Sinks. Friday , March 24th , 2017 - 05:03:12 AM
The last variety of sink has gotten more popular in the last decade or so. The fifth type of sink is called the vessel sink. A vessel sink is a basin that sits n top of the counter. They can be any shape but the most popular ones are circular or oval shaped bowls and square basins. The vessel sinks are hard to clean because you have to try to reach into the small space between the vessel and the counter, but they look very nice.
When you see a stainless kitchen sink in an advertisement, or in a store, it will usually have some information attached. One of the first things you will see, besides size of course, is Gauge. The Gauge of stainless steel measures the thickness of the steel itself that was used to create the sink. Usually you will see a number between 16 and 23. In most circumstances a higher number indicates a higher quality or larger measurement, but Gauge is like Golf, the lower the number the better. I personally recommend a 16 or 18 gauge sink, especially if you are doing an apron front sink or a zero radius stainless steel sink. Anything higher than that, while it may be cheaper, is much more likely to dent or crease, especially when your belt buckle hits the front of a stainless farm sink while you are doing dishes. 18 gauge stainless steel is 0.0500 inches thick and weighs 2.016 pounds per square foot, and 16 gauge stainless steel is 0.0625 inches thick and weighs 2.52 pounds per square foot. While that may not seem like much, that is actually a 25% increase in both thickness and weight, making 16 gauge a considerably more durable and sturdier sink.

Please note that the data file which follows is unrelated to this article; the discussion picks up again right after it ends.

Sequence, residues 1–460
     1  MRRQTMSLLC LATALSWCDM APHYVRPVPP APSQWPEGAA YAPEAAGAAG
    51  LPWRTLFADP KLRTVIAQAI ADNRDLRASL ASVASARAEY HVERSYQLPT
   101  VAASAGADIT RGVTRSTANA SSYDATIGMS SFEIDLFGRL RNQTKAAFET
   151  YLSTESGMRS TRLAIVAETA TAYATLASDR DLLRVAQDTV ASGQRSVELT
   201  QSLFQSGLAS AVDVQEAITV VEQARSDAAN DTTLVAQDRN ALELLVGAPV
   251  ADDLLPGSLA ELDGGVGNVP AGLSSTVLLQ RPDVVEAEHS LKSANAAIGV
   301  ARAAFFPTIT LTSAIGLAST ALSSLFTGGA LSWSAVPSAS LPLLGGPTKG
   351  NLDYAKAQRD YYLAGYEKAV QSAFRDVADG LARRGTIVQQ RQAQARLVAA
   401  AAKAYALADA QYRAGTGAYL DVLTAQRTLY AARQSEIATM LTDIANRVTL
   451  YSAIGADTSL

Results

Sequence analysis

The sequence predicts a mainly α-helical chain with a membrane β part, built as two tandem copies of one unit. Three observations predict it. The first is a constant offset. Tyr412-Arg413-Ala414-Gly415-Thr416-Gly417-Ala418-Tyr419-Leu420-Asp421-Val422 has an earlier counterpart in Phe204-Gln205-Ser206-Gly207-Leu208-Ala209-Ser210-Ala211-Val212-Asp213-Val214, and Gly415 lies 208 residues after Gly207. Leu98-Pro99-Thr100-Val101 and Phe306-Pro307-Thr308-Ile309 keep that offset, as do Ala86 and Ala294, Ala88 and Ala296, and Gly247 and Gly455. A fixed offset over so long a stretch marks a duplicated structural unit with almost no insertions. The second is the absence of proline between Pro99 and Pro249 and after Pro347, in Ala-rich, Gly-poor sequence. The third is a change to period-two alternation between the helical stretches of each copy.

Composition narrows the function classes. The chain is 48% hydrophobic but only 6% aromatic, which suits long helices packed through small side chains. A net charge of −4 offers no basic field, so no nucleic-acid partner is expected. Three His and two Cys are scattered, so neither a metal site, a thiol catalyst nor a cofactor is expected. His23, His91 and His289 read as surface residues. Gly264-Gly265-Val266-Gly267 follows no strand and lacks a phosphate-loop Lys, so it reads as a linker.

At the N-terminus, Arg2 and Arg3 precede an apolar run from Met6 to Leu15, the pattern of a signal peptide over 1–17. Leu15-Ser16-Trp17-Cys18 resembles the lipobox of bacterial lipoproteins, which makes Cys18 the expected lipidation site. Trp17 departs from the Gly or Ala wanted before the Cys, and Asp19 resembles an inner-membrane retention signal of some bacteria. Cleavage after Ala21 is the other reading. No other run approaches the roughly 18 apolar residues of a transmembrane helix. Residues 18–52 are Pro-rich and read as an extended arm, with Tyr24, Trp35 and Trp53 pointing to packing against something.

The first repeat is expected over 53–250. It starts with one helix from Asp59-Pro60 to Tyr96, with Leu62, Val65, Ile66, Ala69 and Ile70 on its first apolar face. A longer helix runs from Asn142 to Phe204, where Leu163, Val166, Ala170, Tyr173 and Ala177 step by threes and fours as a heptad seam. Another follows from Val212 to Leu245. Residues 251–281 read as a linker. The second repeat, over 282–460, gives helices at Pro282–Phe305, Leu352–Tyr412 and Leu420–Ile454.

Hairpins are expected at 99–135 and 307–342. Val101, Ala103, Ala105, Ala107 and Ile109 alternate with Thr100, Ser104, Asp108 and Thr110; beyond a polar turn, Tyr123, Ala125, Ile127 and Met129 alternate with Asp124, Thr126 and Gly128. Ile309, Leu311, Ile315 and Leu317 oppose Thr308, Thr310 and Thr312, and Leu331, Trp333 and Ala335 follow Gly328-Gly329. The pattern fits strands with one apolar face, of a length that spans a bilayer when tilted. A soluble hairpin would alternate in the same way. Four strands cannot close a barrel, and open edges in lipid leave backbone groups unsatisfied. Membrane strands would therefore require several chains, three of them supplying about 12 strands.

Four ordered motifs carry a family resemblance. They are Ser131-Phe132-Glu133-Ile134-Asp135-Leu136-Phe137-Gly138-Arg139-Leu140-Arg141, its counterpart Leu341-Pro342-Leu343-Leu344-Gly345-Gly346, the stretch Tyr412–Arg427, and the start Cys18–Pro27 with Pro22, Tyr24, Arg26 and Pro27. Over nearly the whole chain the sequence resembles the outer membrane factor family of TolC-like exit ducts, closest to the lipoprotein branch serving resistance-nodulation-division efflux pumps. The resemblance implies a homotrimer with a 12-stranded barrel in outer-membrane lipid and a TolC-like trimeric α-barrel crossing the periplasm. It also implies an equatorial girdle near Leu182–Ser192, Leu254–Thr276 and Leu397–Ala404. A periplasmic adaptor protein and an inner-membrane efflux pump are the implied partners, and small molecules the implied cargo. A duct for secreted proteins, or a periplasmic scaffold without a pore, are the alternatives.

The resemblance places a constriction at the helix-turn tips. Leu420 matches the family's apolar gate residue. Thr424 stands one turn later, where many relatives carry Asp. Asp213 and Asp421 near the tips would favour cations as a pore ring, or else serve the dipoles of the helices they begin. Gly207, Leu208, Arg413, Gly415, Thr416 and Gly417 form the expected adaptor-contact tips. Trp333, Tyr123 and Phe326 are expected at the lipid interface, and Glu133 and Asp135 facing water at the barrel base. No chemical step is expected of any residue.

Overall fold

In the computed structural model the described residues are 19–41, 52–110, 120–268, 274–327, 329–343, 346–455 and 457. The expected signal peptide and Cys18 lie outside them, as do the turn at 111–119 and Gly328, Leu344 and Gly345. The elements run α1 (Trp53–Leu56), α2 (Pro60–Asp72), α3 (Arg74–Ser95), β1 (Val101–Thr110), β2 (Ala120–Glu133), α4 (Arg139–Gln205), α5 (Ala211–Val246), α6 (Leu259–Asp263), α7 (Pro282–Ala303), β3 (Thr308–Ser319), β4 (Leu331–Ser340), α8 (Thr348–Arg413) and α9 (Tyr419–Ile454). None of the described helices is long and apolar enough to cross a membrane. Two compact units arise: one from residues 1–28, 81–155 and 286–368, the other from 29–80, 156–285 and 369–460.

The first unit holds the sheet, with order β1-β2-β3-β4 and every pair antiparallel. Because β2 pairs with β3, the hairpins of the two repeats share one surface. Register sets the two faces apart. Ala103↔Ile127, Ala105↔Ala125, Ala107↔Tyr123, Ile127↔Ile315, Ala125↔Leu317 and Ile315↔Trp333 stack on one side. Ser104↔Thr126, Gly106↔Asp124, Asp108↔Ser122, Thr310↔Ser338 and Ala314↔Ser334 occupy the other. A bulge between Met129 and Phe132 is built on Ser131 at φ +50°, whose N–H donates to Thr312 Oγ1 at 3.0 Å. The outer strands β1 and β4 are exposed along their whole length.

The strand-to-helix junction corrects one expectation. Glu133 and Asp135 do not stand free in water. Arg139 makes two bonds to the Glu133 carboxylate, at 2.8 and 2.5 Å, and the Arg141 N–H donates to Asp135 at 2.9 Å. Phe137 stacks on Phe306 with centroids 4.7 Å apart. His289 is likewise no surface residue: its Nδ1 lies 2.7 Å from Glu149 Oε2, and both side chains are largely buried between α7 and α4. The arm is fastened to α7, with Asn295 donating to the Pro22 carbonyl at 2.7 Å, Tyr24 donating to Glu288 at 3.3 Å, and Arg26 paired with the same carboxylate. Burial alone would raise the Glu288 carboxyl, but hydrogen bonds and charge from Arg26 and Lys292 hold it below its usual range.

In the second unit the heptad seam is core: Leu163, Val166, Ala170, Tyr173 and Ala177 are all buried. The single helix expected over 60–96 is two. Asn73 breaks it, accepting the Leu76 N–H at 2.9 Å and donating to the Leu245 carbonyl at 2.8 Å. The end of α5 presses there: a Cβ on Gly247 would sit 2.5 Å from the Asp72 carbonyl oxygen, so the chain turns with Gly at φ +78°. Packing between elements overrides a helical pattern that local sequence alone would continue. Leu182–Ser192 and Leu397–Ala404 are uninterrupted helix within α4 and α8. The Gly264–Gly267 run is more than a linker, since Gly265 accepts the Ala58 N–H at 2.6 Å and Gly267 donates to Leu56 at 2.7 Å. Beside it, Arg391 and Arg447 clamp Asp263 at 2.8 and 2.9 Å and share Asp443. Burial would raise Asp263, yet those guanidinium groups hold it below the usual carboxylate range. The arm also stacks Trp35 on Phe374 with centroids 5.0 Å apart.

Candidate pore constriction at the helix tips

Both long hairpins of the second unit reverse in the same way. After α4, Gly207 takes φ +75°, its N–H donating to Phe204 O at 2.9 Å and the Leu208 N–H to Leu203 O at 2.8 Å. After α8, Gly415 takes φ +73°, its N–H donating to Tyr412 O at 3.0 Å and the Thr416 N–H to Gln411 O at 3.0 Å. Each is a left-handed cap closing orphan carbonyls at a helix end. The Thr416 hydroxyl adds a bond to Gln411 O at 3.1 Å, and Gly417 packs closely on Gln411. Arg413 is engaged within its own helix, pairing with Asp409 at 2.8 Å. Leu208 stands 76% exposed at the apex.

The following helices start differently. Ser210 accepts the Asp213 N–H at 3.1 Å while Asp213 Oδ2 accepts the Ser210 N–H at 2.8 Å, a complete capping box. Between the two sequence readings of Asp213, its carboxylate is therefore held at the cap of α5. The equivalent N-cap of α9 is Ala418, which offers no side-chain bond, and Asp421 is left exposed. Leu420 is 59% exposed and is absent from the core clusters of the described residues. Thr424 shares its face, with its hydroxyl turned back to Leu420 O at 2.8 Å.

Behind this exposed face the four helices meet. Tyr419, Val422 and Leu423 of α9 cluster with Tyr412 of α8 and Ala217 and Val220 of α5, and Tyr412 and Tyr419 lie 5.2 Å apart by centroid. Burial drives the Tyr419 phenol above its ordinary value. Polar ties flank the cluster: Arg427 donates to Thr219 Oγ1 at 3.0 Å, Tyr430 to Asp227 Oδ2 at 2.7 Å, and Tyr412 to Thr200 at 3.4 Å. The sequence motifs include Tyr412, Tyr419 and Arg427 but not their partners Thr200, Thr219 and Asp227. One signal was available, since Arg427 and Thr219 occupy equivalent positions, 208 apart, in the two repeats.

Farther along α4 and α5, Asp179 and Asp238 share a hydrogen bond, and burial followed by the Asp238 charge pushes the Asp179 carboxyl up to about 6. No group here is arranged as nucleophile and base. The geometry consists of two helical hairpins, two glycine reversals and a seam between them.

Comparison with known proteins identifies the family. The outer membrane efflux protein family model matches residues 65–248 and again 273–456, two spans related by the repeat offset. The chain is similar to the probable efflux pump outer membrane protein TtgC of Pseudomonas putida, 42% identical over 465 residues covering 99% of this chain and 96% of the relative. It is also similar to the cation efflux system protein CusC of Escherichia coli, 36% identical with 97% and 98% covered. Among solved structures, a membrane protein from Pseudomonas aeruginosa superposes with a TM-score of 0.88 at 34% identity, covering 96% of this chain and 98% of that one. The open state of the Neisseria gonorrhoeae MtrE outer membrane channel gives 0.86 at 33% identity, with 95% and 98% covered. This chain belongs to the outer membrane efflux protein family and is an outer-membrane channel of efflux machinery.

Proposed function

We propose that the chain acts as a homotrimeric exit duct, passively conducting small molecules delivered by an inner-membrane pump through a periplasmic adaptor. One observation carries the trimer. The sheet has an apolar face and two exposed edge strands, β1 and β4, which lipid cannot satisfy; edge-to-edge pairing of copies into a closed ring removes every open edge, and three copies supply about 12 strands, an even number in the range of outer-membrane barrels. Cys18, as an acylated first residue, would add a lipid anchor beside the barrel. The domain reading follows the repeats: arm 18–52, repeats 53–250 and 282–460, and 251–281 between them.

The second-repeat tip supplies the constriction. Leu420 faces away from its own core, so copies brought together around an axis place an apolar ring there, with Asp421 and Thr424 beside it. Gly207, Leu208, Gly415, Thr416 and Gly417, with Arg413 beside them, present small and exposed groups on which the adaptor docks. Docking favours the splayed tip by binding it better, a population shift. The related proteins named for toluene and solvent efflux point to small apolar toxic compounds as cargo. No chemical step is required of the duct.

Mounting choices for different kinds of kitchen sinks
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